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U.S. Secretary of State Condoleezza Rice is set to visit Warsaw
U.S. Secretary of State Condoleezza Rice is set to visit Warsaw on Monday to sign a deal on the deployment of elements of a U.S. missile shield in Poland.

Her trip to the Polish capital will come after a visit to Brussels, Belgium, for an emergency session of the NATO Council "to discuss the situation in Georgia and its implications for the region," a U.S. State Department statement read.

Rice also plans to meet in Brussels with EU leaders, including French Foreign Minister Bernard Kouchner, European Union High Representative Javier Solana, and European Commissioner for External Relations Benita Fererro-Waldner. France currently holds the EU rotating presidency.

"In Warsaw, Secretary Rice will sign a formal agreement with Poland on behalf of the United States for the establishment and operation of a ballistic missile defense interceptor site in Poland. This agreement is an important step in our efforts to protect the United States and our European allies from the growing threat posed by the proliferation of ballistic missiles," the statement also read.

The deal to place 10 interceptor missiles in Poland was reached last Thursday, and followed the signing of an agreement on July 8 by the U.S. and Czech foreign ministries to place a U.S. radar in the Czech Republic.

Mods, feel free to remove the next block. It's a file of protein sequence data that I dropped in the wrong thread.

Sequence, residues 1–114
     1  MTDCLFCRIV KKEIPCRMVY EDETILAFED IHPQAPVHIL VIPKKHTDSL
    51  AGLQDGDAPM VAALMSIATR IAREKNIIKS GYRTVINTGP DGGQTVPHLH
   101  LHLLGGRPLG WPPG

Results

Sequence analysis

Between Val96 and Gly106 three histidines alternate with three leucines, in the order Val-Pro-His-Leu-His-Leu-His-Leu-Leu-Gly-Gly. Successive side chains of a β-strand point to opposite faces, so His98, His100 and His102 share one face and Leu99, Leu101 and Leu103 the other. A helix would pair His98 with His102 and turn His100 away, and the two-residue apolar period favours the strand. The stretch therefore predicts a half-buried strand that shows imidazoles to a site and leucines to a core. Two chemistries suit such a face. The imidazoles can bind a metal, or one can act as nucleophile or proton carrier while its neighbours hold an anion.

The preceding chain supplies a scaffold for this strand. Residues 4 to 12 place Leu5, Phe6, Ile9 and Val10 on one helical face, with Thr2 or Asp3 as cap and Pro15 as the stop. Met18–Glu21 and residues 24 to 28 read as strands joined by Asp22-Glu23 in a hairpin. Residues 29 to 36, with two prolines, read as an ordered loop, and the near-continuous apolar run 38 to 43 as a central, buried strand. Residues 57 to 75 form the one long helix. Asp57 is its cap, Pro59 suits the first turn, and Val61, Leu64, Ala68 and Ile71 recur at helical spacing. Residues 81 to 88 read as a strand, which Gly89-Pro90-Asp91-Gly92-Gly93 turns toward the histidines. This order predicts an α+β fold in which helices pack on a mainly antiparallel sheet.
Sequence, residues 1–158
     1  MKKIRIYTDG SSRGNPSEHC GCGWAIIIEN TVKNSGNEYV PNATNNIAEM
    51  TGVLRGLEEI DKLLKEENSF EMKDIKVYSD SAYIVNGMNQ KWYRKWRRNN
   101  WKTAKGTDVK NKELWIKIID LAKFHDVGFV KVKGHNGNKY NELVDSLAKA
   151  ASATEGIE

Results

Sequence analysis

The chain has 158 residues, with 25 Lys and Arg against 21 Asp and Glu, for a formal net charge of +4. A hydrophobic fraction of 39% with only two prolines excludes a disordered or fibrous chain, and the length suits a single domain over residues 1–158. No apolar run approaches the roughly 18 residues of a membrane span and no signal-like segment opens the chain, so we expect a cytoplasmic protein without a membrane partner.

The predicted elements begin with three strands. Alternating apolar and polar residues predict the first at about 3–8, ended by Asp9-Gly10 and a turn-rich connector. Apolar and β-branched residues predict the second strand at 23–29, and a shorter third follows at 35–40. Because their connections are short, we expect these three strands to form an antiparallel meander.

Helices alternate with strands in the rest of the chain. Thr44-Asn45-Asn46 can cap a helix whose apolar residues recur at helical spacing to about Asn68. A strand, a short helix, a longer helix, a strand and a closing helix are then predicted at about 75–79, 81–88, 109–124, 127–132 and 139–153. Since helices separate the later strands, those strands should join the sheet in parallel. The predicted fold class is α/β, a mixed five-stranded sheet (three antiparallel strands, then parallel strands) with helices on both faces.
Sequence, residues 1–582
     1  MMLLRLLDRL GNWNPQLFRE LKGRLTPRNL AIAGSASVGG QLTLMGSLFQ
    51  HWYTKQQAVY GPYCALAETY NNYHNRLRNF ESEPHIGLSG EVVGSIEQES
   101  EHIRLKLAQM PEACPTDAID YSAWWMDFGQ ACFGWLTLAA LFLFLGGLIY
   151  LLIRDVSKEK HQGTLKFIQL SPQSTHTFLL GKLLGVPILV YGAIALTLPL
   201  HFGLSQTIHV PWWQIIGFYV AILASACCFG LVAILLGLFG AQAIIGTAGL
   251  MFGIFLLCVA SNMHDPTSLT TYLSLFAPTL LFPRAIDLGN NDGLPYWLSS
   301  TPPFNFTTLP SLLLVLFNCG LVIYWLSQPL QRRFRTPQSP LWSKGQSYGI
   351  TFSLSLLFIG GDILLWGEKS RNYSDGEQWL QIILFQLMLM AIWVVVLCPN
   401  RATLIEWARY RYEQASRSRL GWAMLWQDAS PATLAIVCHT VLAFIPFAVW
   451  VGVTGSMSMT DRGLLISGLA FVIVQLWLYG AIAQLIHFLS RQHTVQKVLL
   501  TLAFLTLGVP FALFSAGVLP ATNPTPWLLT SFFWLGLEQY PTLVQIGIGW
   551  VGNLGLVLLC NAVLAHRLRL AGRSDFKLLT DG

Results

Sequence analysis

Moscow has consistently expressed its opposition to the U.S. missile shield, saying it threatens its national security. The U.S. claims the shield is designed to thwart missile attacks by what it calls "rogue states," including Iran.

However, speaking in the Black Sea resort of Sochi on Friday, Russian President Dmitry Medvedev said again that Moscow had no doubt that the missile shield was aimed against Russia.

"The deployment of new missile-defense elements in Europe has the Russian Federation as its aim," Medvedev said.

Announcing the deal, which was reached after months of protracted talks, Polish Prime Minister Donald Tusk said in televised remarks that "events in the Caucasus show clearly that such security guarantees are indispensable."

A top Russian military official subsequently said that by signing the deal Poland was leaving itself open to a military strike, including a nuclear attack.

The U.S. has denied however that the announcement of the deal was linked to the recent armed conflict in Georgia, which began on August 8 when Georgian forces attacked the capital of breakaway South Ossetia.

During the subsequent Russian military operation to force Georgian troops out of the de facto independent republic and to reinforce its peacekeepers, Moscow deployed some 10,000 servicemen and several hundred armored vehicles in the region.

The U.S. criticized Russia's response, calling it "disproportionate."

A French-brokered peace plan was signed by Medvedev in Moscow on Saturday, a day after being signed in Tbilisi by Georgian President Mikheil Saakashvili.

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